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Breast Cancer

Breast Cancer InfographicBreast cancer is the second-deadliest cancer among American women. In addition to adopting a healthy lifestyle, early detection with regular mammograms remains the most effective way to combat the disease. Steady declines in mortality among women since 1989 have been attributed to a combination of early detection and improvements in treatment.

Statistics

  • In the U.S., one in eight women will be diagnosed with invasive breast cancer during her lifetime.
  • In the U.S. in 2022, 287,850 women and 2,710 men are expected to be diagnosed with invasive breast cancer.
  • In 2022, breast cancer is expected to claim the lives of 43,250 women and 530 men in the U.S.
  • In Texas in 2022, an estimated 20,113 new cases of female and male breast cancer are expected, with 3,449 deaths.

Risk Factors

  • Age: Most invasive breast cancers occur in women over age 55.
  • Family or Personal History: Women with an immediate family member (mother, sister, daughter) who has had breast cancer are nearly twice as likely to develop the disease. A close male relative with the disease also raises risk. Women with cancer in one breast are at a higher risk of developing a future cancer in the other breast or another area of the original breast. If you have a family history of cancer, genetic testing may help determine risk.
  • Race and Ethnicity: Caucasian women have a slightly increased risk of developing breast cancer overall, however in women under 40, African American women are more likely to develop the disease. Mortality rates are also higher among African American women of any age.
  • Diet and Exercise: Overweight and/or physically inactive women have a higher risk, especially after menopause.
  • Alcohol Use: Drinking alcohol increases the risk of developing breast cancer. Women who consume multiple drinks a day have around a 20% higher risk than those who do not drink.
  • Breast Conditions: Women with dense breast tissue and some benign breast conditions are at higher risk.
  • Menstrual Cycles: Starting menstruation early (before age 12) or completing menopause late (after age 55) raises risk.
  • Radiation: Radiation to the chest for another cancer is associated with a higher risk.
  • DES Exposure: Women who were exposed or had mothers exposed to diethylstilbestrol (DES) have a slightly higher risk.

Symptoms and Signs

Women are encouraged to consult their physician immediately for evaluation if any of the following signs and symptoms are present. The signs for breast cancer are not the same for all women, and some women show no signs in early stages.

  • A lump in the breast, under the arm, or around the collarbone
  • Change in breast size or shape
  • Thickening of breast or underarm
  • New nipple retraction or nipple discharge
  • Dimpled skin or skin resembling orange peel
  • Tenderness or pain in breast or nipple
  • Irritation, redness, scaliness, or swelling on the breast, nipple, or skin near the nipple
  • Swollen lymph nodes

Prevention

Breast cancer cannot be completely prevented, but women can take steps to decrease risk and/or improve early detection of the disease. Screening recommendations are for women with average risk. It is important to discuss with a physician your individual risk factors, including age, menopausal status, and family history to determine your screening needs.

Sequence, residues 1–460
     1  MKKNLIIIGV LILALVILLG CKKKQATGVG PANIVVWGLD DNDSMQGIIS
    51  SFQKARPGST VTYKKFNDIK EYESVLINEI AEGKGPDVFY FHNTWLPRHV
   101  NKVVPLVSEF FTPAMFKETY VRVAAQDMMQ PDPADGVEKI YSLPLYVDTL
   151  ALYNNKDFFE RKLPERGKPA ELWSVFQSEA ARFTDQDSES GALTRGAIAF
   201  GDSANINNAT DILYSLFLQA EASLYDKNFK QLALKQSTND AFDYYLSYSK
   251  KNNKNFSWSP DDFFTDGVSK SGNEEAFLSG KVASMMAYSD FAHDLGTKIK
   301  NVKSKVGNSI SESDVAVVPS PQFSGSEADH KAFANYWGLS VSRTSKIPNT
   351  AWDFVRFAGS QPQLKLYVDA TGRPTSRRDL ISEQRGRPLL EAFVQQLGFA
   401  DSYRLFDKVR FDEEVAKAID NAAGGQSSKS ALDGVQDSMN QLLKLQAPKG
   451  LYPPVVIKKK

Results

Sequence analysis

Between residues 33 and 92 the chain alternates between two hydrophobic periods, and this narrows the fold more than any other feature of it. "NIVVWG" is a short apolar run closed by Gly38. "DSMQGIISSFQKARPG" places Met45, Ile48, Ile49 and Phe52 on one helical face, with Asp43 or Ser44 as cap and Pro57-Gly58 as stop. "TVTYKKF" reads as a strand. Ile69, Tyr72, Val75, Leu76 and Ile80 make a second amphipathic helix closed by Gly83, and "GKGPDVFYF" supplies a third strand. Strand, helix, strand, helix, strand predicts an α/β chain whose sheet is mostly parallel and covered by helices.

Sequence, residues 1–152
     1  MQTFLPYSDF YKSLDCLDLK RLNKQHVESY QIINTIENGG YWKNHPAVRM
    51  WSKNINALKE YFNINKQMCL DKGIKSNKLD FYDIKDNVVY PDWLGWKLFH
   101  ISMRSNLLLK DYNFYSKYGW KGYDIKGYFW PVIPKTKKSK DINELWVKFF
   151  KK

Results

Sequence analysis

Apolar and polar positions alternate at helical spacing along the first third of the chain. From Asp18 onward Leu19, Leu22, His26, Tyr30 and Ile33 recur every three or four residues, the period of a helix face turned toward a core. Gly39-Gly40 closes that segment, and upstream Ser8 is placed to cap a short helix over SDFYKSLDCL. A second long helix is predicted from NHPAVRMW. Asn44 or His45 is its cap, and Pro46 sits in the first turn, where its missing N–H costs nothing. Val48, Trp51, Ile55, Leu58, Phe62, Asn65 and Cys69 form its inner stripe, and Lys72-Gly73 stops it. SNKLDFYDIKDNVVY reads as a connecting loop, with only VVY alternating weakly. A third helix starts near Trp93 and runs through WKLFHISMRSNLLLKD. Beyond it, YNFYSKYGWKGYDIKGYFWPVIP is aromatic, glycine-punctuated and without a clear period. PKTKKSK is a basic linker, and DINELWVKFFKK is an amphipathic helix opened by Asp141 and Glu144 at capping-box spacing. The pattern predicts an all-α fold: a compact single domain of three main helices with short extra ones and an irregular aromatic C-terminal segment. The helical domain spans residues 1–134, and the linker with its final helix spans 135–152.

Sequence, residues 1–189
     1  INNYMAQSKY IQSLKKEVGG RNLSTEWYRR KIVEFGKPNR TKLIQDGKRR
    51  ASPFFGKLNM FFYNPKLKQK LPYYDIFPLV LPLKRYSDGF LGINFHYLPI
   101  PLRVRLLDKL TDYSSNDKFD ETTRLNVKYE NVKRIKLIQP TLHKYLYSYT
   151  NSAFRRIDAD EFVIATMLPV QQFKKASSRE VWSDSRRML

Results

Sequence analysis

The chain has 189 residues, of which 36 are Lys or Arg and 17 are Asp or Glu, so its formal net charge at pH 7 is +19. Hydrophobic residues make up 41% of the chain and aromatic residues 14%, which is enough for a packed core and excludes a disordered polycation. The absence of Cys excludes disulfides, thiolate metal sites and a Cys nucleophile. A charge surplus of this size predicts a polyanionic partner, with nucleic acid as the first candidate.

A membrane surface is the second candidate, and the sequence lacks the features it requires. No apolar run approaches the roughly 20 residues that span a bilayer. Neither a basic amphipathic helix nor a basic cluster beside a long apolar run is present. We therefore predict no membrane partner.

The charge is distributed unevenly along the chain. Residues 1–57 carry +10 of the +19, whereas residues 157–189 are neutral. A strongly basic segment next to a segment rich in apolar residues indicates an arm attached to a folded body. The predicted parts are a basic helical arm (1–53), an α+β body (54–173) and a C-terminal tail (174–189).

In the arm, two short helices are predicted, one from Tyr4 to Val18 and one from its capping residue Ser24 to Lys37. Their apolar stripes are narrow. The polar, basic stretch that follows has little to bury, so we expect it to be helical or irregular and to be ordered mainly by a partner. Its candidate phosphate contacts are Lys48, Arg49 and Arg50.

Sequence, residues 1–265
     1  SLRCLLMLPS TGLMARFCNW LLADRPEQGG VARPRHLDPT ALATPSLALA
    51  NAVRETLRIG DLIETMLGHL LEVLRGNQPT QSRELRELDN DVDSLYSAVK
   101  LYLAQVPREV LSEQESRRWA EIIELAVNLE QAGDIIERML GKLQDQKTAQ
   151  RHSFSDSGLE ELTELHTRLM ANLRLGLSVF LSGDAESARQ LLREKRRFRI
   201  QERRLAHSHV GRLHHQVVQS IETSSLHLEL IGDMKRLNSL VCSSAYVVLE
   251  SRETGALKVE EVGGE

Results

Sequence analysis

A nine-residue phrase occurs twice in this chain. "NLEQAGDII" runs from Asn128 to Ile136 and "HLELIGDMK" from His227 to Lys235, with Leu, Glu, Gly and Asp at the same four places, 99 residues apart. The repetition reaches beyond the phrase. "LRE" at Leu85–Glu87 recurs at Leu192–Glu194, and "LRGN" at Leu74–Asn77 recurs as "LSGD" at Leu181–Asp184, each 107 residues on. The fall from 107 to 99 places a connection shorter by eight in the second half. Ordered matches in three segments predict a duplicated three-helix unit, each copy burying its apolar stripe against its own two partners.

Screening

  • Women should understand their individual risk, as some women with a family history of breast cancer or certain other risk factors should start screening early and can take other preventative measures.
  • Women should check their breasts monthly. Report any changes to a physician immediately.
  • Women in their 20s and 30s should have a clinical breast exam every three years.
  • Women in their 30s should discuss their breast cancer risk level with a physician to determine the most appropriate cancer screening options, including mammograms and MRI screenings.
  • Women age 40 and older should discuss individual risk factors with a physician to determine recommended timing and most appropriate screenings, including annual mammogram, annual clinical breast exam, and annual MRI screening.
  • Women age 50 and older should have a mammogram and a clinical breast exam at least every two years after discussion with her physician, and other imaging if recommended by a physician.

Lifestyle

  • Regular exercise, limiting alcohol intake, and maintaining a healthy body mass index (BMI) can reduce the risk of breast cancer.

Higher Risk

  • Women and men with a significant family history of breast cancer and especially any history of male breast cancer should discuss genetic testing with their physicians. If genetic tests indicate a mutation that conveys a high risk of breast cancer, like BRCA 1/2 mutations, risk reduction strategies and increased surveillance can be discussed with one’s physician.
  • Women with a first degree relative who had breast cancer before age 50 should begin receiving mammograms starting 10 years younger than that relative’s age at the time of diagnosis.

Treatment Options

Anyone with breast cancer should consult with a medical oncologist to determine his or her specific treatment needs. Treatment options can include surgery, radiation therapy, chemotherapy, proton therapy, targeted therapy, bone-modifying therapy, immunotherapy, hormone therapy, and palliative medicine. A combination of treatments may be used to provide the best chance of disease control.

Sources: American Cancer Society, American Society of Clinical Oncology, National Cancer Institute, Texas Cancer Registry, and Texas Oncology Physicians


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